tants share similar beliefs and
the same holidays. She also
said the family situation is
very hard because parents and
other relatives of interfaith
couples don't understand
exactly how the couple feels on
the complex issues involved.
"If we are going to be suc-
cessful in avoiding interfaith
dating, and I'm not saying it
should be avoided, there
should be more things for sing-
les like the Jewish Community
Center and The Jewish News
singles section are providing.
While I was dating there
wasn't anything that I really
felt the community was provid-
ing for me."
Guilt over involvement in
interfaith relationships is a
key issue for couples attending
the intermarriage workshop
offered each year by the Bir-
mingham Temple, and di-
rected by social workers Judy
Schneider and Chuck Kramer.
"Unresolved guilt is a tremen-
dous dynamic," said Kramer.
"Many of the individuals feel
that they have really disap-
pointed their parents. One
thing we really help them with
is to let them know they really
have nothing to feel guilty ab-
out. These are similar feelings
shared by people marrying
above or below their social
class."
Kramer said that research
since he and Schneider began
conducting the workshops four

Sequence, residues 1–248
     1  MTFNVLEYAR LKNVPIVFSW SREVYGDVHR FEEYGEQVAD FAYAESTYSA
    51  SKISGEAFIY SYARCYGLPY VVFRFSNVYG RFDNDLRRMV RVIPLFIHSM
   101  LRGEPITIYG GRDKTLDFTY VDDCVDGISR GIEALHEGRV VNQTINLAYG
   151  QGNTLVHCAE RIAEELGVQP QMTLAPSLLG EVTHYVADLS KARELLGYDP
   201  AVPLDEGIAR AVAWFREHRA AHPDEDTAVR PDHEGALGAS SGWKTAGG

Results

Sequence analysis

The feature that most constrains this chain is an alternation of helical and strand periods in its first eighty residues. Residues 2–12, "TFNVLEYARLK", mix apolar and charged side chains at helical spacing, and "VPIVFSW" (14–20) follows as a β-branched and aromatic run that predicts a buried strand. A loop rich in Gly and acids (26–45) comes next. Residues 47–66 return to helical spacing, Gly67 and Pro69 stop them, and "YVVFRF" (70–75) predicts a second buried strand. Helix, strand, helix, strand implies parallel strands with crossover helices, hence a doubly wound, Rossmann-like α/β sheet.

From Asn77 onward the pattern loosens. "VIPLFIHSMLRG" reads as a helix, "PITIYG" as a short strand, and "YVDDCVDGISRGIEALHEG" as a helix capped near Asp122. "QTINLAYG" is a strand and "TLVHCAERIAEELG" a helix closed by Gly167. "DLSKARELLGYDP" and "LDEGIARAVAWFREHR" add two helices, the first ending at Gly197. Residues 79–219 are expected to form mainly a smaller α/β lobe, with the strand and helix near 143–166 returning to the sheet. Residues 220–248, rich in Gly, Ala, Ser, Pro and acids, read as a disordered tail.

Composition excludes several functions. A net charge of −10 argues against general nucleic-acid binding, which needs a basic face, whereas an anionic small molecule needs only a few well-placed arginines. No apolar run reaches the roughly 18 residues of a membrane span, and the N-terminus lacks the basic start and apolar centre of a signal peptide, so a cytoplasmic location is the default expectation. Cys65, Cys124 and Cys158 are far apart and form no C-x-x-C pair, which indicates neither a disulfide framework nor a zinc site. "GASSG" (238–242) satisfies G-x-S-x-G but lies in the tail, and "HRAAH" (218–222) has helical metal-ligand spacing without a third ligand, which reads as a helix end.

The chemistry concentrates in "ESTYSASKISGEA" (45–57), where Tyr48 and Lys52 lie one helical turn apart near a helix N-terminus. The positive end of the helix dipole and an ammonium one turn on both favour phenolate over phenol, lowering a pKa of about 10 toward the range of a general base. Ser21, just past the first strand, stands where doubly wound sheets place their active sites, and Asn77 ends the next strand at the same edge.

years ago indicate that inter-
faith marriages involving
Jews are now approaching one
in two. He said that the Bir-
mingham Temple is more open
to the idea of interfaith dating
because a great number of
temple members are products
of interfaith marriages. "We

understand it's a fact of life,"
he said. "The reason we offer
the intermarriage workshop is
that no one else in the area is
doing it. It is open to anyone in
an interfaith relationship, in-
cluding marrieds and parents.
The workshop is advertised in
The Jewish News and met-
ropolitan Detroit papers to at-
tract people from outside the
temple.
"We start by establishing
the issues participants identify
as problems — their feelings
and fears: How are we going to
raise the children? How are we
going to handle this with our
parents, and to a lesser extent,
with our friends? How are we
going to handle the two reli-
gions? We go through a step by
step process.
"An interfaith marriage,
like any other, has conflicts,"
he said. "The bottom line is the
depth of commitment and the
level on which the parties
communicate. (For informa-
tion on the next workshop, con-
tact Kramer or Schneider
through the Birmingham
Temple.)
Many singles felt the Jewish
community is doing too little to
help them meet other Jewish
singles, but praised the efforts
of the Jewish Community Cen-
ter's Community Network for
Jewish Singles, the People
Connector ad column in The
Jewish News and the singles
section.
"The dances at the Center
are good, but they are few and
far between," said A.C. "Then
there are other activities
which bring together a smaller
number of people. There's no
in-between. House parties are
the best activity because you
really get to meet people. But
you can't live your whole life
attending singles events. You
need a better blend of activi-
ties. You also can't be discour-
aged because you attend one
event, dislike it and not try it

Continued on Page 92